Jamaica Hospital Celebrates Infection Prevention Week

October 14th marks the beginning of Infection Prevention week, an annual effort to highlight the importance of infection prevention among healthcare professionals, administrators, legislators, and consumers.

Over the past 32 years, infection prevention week has gained a great deal of recognition around the world and patients are now benefiting from the safer healthcare practices that are shared during this week-long observance. The theme of Infection Prevention week this year is Protecting Patients Everywhere. 

Jamaica Hospital Medical Center supports the prevention of infection among our patients, visitors, and staff. To help eliminate the spread of bacterial infection we urge every person who steps foot inside our hospital to learn about the best ways to protect themselves and others.

Below is a list of ways patients can reduce the risk of infection provided by the Association of Professionals in Infection Control (APIC):

  • Speak up for your care
  • Clean your hands often
  • Ask about safe injection practices
  • Ask to have your room cleaned
  • Ask questions about your medications
  • Ask if you should shower before having surgery
  • Ask each day if you still need a catheter
  • Ask about vaccinations so you stay healthy
  • Learn about healthcare associated infections

Jamaica Hospital is proud to share that we have made great strides in our infection prevention and control initiatives.  We are currently at 97% hand hygiene compliance, which has led to very low hospital-acquired infection rates including urinary catheter infections, surgical site infections, and bloodstream infections.

Jamaica Hospital knows that by practicing good hand hygiene and adhering to other patient safety initiatives as well as continuing to educate our patients, we are creating an even safer environment for our patients, staff and visitors.

All content of this newsletter is intended for general information purposes only and is not intended or implied to be a substitute for professional medical advice, diagnosis or treatment. Please consult a medical professional before adopting any of the suggestions on this page. You must never disregard professional medical advice or delay seeking medical treatment based upon any content of this newsletter. PROMPTLY CONSULT YOUR PHYSICIAN OR CALL 911 IF YOU BELIEVE YOU HAVE A MEDICAL EMERGENCY.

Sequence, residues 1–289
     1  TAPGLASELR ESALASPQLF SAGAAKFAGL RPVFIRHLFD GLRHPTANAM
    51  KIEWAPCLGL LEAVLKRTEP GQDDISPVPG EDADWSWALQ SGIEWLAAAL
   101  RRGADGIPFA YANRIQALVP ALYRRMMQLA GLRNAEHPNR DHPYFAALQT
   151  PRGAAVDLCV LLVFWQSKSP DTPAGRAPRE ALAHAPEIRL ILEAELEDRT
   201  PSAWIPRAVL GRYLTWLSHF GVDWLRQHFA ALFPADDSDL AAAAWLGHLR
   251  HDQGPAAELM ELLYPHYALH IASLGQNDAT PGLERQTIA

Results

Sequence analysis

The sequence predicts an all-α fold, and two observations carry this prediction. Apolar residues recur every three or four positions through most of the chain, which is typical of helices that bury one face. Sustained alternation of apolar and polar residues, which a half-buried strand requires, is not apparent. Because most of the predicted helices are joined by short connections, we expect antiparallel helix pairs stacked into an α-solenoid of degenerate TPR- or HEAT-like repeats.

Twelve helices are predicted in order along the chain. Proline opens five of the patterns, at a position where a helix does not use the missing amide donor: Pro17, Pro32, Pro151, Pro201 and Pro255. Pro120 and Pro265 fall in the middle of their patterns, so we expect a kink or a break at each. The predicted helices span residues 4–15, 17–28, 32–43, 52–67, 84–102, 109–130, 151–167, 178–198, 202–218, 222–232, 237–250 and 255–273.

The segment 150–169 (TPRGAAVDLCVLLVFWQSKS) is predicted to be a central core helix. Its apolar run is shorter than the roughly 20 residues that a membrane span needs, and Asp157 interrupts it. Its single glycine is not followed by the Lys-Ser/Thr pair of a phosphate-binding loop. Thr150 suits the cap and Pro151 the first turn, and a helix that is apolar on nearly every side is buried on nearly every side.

EATING FOR ENERGY

If you conducted a survey, most people will tell you that between the hours of 3:00PM and 4:00PM each day, a feeling of fatigue may set in which makes them feel less productive.

This is typically the time of day when they may reach for a less healthy choice of food or beverage to “perk-up.”

Many of their snack options are laden with sugar and fat and have no nutritional value.  There are several healthy foods available that give us both a boost and essential nutrients.

Some healthy foods that have been proven to help raise energy levels are:

Bananas – Bananas contain carbohydrates, potassium and vitamin B6, all proven to boost energy levels in your body.

  • Sweet Potatoes – Sweet potatoes contain fiber and complex carbs, as well as manganese, which can help break down nutrients in order to produce energy.
  • Brown Rice – Brown Rice is less processed than white rice so it retains more fiber, vitamins and minerals. It also has a low glycemic index and could help regulate blood sugar levels to help maintain steady energy levels all day long.
  • Coffee – Coffee is rich in caffeine. Caffeine quickly passes from your bloodstream to your brain.  The result is the production of epinephrine.  Epinephrine is a hormone that stimulates the body and brain allowing you to keep more focused.
  • Eggs – Eggs are rich in protein and leucine. These are both known to stimulate energy.
  • Water – Not drinking enough water could cause dehydration which can cause your body functions to slow down and make you feel sluggish. It is a good habit to drink water throughout your day, even if you are not thirsty.
  • Dark Chocolate – Dark chocolate has a high content of cocoa. Cocoa has antioxidants that have proven health benefits, like increasing your blood flow.  An increased blood flow helps deliver oxygen to the brain and muscles, improving their functions.   Additionally, dark chocolate contains compounds such as caffeine, a known ingredient to enhance mental energy and mood.

If you’d like to speak with a Jamaica Hospital Medical Center licensed nutritionist, call 718-206-7001 to schedule an appointment.

For these and other healthy food and beverages that can give your day a boost, visit healthline.com.